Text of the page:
- If the view is large, accessing the table will be considerably cheaper
- You can add indexes to the MV.
- Since the data is already joined together and pre-aggregated, CPU and memory usage may be reduced compared to computing the results.
- You can often generate multiple different blocks of content from the summarized data in one or more views
Materialized views must be refreshed.
Refreshing a MV brings it up to date to reflect the changes in the database since the view was either first created or last refreshed, whichever is more recent. More importantly a MV can can be refreshed to a specific point in time, not just “now”. This means that you can maintain multiple MVs and keep them synced to the same point in time.Â Â There are two different methods by which a MV can be refreshed.
The first is the complete refresh method, which rebuilds the entire contents of the view from scratch. This is the less desirable method:
- During a complete refresh, the view contents are completely recalculated, which could be very expensive
- On some databases, the contents of the view are not available during complete refresh (not true of Flexviews)
- During refresh the view may occupy twice as much space (similar to ALTER TABLE)
- Supports all SQL syntax (like outer join) but can’t be refreshed to a specific point in time.
- Performs no better than CTAS, but gives a convenient method of creating and refreshing the materialized results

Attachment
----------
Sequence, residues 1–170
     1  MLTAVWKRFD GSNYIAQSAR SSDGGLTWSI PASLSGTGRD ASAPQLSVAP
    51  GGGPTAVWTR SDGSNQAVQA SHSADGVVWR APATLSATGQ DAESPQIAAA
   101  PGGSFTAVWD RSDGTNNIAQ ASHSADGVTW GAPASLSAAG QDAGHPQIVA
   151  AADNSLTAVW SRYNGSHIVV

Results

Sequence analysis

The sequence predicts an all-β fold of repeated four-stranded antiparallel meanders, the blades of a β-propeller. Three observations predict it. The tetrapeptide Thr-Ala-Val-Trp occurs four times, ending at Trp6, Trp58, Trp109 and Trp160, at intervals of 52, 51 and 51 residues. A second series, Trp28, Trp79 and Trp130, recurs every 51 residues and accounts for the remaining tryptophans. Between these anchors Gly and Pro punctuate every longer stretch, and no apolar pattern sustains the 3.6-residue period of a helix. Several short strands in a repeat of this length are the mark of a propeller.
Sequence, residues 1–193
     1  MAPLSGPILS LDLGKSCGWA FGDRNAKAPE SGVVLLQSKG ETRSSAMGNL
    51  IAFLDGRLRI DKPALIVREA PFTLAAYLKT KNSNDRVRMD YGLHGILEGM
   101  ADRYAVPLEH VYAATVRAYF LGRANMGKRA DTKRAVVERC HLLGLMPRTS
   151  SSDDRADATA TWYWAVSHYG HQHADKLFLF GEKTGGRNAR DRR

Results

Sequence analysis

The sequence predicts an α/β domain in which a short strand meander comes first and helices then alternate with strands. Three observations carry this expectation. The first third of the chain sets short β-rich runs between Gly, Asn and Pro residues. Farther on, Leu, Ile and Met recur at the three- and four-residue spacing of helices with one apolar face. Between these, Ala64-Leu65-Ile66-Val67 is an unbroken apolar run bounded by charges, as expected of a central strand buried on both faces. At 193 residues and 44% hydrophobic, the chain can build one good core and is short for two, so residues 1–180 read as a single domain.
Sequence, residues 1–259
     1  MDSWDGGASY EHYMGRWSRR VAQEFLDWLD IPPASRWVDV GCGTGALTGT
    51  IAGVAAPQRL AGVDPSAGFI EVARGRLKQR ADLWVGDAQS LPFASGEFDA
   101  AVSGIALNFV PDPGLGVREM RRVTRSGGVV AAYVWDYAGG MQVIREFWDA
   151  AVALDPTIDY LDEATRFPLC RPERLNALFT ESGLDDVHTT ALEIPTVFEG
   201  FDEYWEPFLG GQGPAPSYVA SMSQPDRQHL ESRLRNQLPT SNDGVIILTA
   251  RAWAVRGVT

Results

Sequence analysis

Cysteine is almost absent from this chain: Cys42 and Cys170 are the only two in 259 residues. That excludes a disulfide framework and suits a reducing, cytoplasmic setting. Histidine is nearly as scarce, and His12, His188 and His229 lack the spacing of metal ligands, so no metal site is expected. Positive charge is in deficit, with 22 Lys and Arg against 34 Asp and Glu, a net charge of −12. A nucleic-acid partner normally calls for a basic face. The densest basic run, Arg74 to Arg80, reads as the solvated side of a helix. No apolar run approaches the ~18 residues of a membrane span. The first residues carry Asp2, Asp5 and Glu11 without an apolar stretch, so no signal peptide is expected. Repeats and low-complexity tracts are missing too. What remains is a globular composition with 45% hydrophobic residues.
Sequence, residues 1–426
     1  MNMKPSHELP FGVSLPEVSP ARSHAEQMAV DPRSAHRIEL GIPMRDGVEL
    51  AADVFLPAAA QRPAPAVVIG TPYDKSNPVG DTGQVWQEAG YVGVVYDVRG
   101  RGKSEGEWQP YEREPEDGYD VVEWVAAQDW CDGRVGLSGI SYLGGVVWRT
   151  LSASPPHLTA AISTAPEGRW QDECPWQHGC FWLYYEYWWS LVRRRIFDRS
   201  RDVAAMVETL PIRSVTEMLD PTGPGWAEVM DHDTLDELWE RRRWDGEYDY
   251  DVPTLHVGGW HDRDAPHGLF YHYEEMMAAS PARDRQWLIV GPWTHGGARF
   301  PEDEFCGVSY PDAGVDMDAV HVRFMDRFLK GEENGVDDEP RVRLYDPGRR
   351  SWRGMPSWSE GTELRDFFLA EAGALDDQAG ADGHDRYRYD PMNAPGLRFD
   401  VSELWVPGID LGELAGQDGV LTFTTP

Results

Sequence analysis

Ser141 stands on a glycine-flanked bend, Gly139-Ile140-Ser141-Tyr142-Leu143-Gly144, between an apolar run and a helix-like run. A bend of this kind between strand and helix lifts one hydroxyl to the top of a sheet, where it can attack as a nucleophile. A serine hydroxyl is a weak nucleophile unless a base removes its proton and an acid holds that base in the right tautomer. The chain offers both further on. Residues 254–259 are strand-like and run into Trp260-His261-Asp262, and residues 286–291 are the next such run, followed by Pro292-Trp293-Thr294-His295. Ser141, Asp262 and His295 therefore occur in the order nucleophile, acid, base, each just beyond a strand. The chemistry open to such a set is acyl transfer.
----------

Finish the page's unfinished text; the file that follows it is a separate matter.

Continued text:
The second is refresh method is incremental refresh. This method updates the view. It usually examines only the rows which have changed since the view was last refreshed.
Incremental refresh has obvious benefits which include:
- Refreshing large views is orders of magnitude faster than complete refresh.
- When updating the view, only a subset of the database rows must be examined
- The rows examined are related to the rows which have changed since the last refresh
- The view can be refreshed forward to to a specific transactional point in time
- Multiple views can be rolled forward to the exact same consistent point in time, with respect to committed transactions
- The processing can be done on a slave dedicated to such work.
And some drawbacks:
- Not all SQL syntax supported (no outer join), no non-deterministic functions, etc.
- There is overhead for change-data capture.
- Some extra storage is used for the changes and deltas.
- Creating an MV is not as simple as I’d like.
Incremental refresh capabilities imply that Flexviews has some way to capture the changes that happen in the database and then apply those changes to the views.
These capabilities break down into three main categories which will be blogged about in subsequent posts:
- Change Data Capture – How Flexviews figures out what changed in the database
- Delta computation – How it uses those changes to compute the differences between the old results and the new results
- Delta application – How Flexviews uses the deltas to actually make the changes
- Finally, the last blog post will describe how to use Flexviews for online schema change, or as an ELT* tool and it will cover how to create the materialized views which Flexviews manages.
*ELT – extract, load and transform, a variant of the data integration Extract-Transform-Load process (ETL).
You can find part 2 of the series here: https://www.percona.com/blog/2011/03/25/using-flexviews-part-two-change-data-capture/